Clapp Recital Hall
Sunday, September 26, 2004, 8:00 p.m.
|John MacDONALD (b. 1959)
|Andrew Brobston, saxophone
Katie Fang, piano
|4 Mod 4
|Lawrence FRITTS (b. 1952)
|Brandy Hudelson, flute
Christine Bellomy, clarinet
Alla Cross, violin
Laura Ewing, violoncello
|Voice of the Whale (1971)
Vocalise (... for the beginning of time)
Variations on Sea-Time
Archeozoic [Var. I]
Proterozoic [Var. II]
Paleozoic [Var. III]
Mesozoic [Var. IV]
Cenozoic [Var. V]
Sea-Nocturne (... for the end of time)
|George CRUMB (b. 1929)
|Tamara Thweatt*, flute
Anthony Arnone*, violoncello
Kazuo Murakami, piano
|Point of No Return (2003)
|Michael ECKERT (b. 1950)
|Brandy Hudelson, flute
Christine Bellomy, clarinet
Alla Cross, violin
Laura Ewing, violoncello
Kazuo Murakami, piano
Jeff Strom, percussion
|My End is Dissolution (2004*)
|Andrew STRUCK-MARCELL (b. 1981)
|Edgard VARÈSE (b. 1883-d. 1965)
David Gompper, conductor
Notes & Bios
Inspired by images gleaned from the extraordinary work of physicist Stephen W. Hawking, this Sonatina, subtitled "Big Crunch," was commissioned by Tufts University to celebrate Dr. Hawking's appearance on the Tufts campus in the autumn of 1999. Composed in three interconnected movements, the sonatina progresses from a volatile, explosive opening to a brief musical representation of "the uncertainty principle;" the work closes with an imagined "singularity at the end of the universe"--a "big crunch."
John McDonald, composer and pianist, is a Professor of Music at Tufts University, and has earned international acclaim as a musician. Recently, McDonald served as Cultural Specialist in Mongolia, where he premiered his Music for Piano and String Orchestra and worked with students on his pedagogical works. In his performing capacity, recent honors include a Duo Recitalists' Grant from the NEA, an Artistic Ambassadorship to Asia, and an Artists' Residency at M.I.T. with soprano Karol Bennett, as well as invitations to perform his works at conferences in Amsterdam, Budapest, Havana, Montreal, Shanghai, and St. Petersburg.
4 Mod 4
In social worlds, the individual and the groups seem perpetually at odds. Either an individual's identity is subsumed by the group or the group becomes fractured by the individuals that comprise it. In abstract worlds of mathematics and music, however, individuality and unity can sometimes be thought of as the same thing. For example, the algebraic expression 4 mod 4 = 0 characterizes a collection of four individual elements as a single unit. Likewise, 4 mod 4 treats the four instruments, flute, clarinet, violin, and cello, as individual elements that unite in a whole. From the beginning of the piece, open textures created by silence and wide registral spaces allow individual instruments to freely develop their own voices. As the work progresses, however, the voices begin to compete with each other, becoming more angular and rhythmically non-conforming. As the character of each instrument becomes increasingly complex, certain features are inevitable shared by combinations of instruments and small alliances are thus formed. This tension between individuality and conformity evolves into two extended duets. The first duet, for clarinet and cello, has practically no communication between parts, as if each is adamantly maintaining its independence. The flute and violin duet is much more cooperative as the instruments seem to share the common goal of shutting out the pizzicato cello, who tries to join in. Like 0 mod 4, the goal of musical identity acts as a gravitational pull to unite the four instruments in the final section of the work, which ends in a simple homophonic statement of unity.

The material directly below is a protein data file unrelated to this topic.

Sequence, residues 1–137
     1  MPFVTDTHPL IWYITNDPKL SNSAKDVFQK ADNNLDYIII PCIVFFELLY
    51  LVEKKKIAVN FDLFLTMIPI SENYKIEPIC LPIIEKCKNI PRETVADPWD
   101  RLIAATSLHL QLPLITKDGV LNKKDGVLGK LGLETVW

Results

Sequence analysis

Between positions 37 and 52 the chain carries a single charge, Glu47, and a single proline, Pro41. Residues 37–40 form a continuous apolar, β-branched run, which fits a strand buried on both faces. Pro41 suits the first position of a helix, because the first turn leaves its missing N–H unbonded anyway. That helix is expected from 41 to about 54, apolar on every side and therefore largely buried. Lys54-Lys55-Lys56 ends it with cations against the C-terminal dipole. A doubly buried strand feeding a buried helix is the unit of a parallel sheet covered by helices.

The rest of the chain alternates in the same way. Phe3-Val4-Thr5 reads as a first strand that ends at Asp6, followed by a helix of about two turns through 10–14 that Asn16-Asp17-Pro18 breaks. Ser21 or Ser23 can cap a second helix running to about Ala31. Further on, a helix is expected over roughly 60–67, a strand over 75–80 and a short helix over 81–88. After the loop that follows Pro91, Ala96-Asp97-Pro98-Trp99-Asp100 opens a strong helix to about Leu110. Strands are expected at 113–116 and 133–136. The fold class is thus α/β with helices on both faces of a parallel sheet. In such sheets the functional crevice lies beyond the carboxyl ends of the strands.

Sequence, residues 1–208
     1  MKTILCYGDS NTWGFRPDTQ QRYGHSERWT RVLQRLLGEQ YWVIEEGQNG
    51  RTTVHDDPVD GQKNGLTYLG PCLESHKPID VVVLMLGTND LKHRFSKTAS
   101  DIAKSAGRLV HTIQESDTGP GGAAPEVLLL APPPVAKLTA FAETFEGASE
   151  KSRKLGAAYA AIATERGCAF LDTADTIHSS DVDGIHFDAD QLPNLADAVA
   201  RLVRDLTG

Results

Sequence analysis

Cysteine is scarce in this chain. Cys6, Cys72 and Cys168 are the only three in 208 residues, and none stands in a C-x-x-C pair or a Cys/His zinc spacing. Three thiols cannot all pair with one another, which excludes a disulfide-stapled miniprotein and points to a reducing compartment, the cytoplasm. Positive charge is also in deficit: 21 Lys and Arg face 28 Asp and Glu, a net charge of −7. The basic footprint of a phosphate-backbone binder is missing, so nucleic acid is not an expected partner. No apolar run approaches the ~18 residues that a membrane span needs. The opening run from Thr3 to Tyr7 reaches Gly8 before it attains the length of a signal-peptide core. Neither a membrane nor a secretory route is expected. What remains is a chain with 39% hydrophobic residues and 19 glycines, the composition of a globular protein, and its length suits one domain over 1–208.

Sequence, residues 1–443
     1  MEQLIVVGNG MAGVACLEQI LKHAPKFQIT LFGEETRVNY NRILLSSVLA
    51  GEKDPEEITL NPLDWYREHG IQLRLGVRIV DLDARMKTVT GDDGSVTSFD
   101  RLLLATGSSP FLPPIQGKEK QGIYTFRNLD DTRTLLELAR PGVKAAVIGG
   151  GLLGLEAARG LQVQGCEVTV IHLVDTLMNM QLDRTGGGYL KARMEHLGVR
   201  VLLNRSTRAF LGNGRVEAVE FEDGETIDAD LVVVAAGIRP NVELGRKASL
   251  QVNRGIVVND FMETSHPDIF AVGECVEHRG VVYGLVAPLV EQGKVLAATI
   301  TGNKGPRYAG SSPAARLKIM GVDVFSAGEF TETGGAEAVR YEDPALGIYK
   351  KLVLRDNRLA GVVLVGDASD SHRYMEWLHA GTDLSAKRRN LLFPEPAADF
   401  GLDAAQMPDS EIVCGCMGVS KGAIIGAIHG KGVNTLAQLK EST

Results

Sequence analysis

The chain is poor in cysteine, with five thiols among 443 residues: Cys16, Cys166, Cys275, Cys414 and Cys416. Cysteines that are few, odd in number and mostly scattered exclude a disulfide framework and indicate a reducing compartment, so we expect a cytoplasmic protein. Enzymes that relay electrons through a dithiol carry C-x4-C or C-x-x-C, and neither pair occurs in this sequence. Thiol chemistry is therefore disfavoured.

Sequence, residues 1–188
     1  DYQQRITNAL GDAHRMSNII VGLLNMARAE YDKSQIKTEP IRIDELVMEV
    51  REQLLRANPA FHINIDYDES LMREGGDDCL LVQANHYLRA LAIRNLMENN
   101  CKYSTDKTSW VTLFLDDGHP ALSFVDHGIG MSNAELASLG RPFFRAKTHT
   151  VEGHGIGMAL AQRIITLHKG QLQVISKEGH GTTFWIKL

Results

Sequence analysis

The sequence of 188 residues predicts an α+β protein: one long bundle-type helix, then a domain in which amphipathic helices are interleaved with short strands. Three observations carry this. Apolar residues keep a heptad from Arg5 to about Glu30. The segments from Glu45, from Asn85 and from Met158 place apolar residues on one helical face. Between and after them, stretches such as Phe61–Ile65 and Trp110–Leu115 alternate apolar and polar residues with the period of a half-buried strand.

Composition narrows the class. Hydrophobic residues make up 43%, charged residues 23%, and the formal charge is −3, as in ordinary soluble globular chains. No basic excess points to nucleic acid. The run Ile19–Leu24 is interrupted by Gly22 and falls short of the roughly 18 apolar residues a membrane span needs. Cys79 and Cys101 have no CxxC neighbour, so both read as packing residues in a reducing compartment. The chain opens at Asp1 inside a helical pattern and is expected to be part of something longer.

Lawrence Fritts (1952) is Associate Professor of Composition at the University of Iowa, where he has directed the Electronic Music Studios since 1994. He received his PhD in Composition from the University of Chicago, where he studied with Shulamit Ran, John Eaton, and Ralph Shapey. His music is recorded on the Albany, Frog Peak, Innova, and Tempo Primo labels. His writings appear in Music Theory Spectrum, Papers Presented to the American Mathematical Society, Systems Research in the Arts, and The Computer Music Journal of the MIT Press. In the past year, his music has been performed in New York, Chicago, Boston, San Diego, Cincinnati, Bowling Green, Tempe, Greensborough, Gainesville, Vancouver, British Columbia, Singapore, Evora, Portugal, Birmingham, England, and Trieste and Genoa, Italy. He currently serves as Director of Conferences for the Society of Electro-Acoustic Music in the United States.
Vox Balaenae (Voice of the Whale)
Vox Balaenae (Voice of the Whale) was composed in 1971 for the New York Camerata. The work was inspired by the singing of the humpback whale, a tape recording of which I had heard two or three years previously. Each of the three performers is required to wear a black half-mask (or visor-mask). The masks, by effacing the sense of human projection, are intended to represent, symbolically, the powerful impersonal forces of nature (i.e. nature dehumanized). I have also suggested that the work be performed under deep-blue stage lighting.
The form of Voice of the Whale is a simple three-part design, consisting of a prologue, a set of variations named after the geological eras, and an epilogue.
The opening Vocalise (marked in the score: "wildly fantastic, grotesque") is a kind of cadenza for the flutist, who simultaneously plays his instrument and sings into it. This combination of instrumental and vocal sound produces an eerie, surreal timbre, not unlike the sounds of the humpback whale. The conclusion of the cadenza is announced by a parody of the opening measures of Strauss' Also sprach Zarathustra.
The Sea-Theme ("solemn, with calm majesty") is presented by the cello (in harmonics), accompanied by dark, fateful chords of strummed piano strings. The following sequence of variations begins with the haunting sea-gull cries of the Archezoic ("timeless, inchoate") and, gradually increasing in intensity, reaches a strident climax in the Cenozoic ("dramatic, with a feeling of destiny"). The emergence of man in the Cenozoic era is symbolized by a partial restatement of the Zarathustra reference.